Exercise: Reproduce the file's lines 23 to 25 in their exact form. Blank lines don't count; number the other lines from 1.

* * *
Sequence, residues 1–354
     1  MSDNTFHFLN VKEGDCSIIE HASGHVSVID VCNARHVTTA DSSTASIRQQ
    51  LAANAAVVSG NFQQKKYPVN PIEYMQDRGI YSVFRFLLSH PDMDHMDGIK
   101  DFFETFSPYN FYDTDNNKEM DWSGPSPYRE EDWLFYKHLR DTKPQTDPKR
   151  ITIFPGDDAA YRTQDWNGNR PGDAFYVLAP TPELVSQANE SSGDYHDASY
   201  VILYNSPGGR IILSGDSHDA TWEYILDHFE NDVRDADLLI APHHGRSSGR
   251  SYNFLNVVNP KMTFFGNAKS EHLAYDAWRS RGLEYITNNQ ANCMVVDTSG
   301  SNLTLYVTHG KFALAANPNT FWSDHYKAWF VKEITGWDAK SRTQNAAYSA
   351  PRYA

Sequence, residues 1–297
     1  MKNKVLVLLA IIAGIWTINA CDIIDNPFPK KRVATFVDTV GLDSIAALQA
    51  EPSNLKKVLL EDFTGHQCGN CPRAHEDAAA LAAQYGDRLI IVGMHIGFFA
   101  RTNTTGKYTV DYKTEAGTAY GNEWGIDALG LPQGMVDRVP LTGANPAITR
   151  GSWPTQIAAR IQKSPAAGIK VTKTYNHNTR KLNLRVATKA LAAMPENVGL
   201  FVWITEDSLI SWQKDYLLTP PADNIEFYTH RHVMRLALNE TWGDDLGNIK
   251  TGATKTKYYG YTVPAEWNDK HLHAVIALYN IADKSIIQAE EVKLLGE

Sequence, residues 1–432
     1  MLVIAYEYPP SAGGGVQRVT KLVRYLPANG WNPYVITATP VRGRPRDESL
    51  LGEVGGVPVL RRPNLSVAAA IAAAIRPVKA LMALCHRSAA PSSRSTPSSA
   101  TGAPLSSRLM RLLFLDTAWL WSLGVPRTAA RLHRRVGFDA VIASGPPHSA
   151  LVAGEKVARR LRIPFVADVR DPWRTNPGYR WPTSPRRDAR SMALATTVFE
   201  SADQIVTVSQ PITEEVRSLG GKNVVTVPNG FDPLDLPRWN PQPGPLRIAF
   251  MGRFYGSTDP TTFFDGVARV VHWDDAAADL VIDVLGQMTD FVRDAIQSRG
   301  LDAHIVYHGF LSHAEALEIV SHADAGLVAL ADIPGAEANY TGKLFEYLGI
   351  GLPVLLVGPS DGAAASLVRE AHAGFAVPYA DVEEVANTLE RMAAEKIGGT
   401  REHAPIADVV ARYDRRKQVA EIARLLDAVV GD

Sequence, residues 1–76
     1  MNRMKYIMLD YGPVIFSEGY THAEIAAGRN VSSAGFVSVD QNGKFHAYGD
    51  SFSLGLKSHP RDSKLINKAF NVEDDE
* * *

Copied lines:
   251  MGRFYGSTDP TTFFDGVARV VHWDDAAADL VIDVLGQMTD FVRDAIQSRG
   301  LDAHIVYHGF LSHAEALEIV SHADAGLVAL ADIPGAEANY TGKLFEYLGI
   351  GLPVLLVGPS DGAAASLVRE AHAGFAVPYA DVEEVANTLE RMAAEKIGGT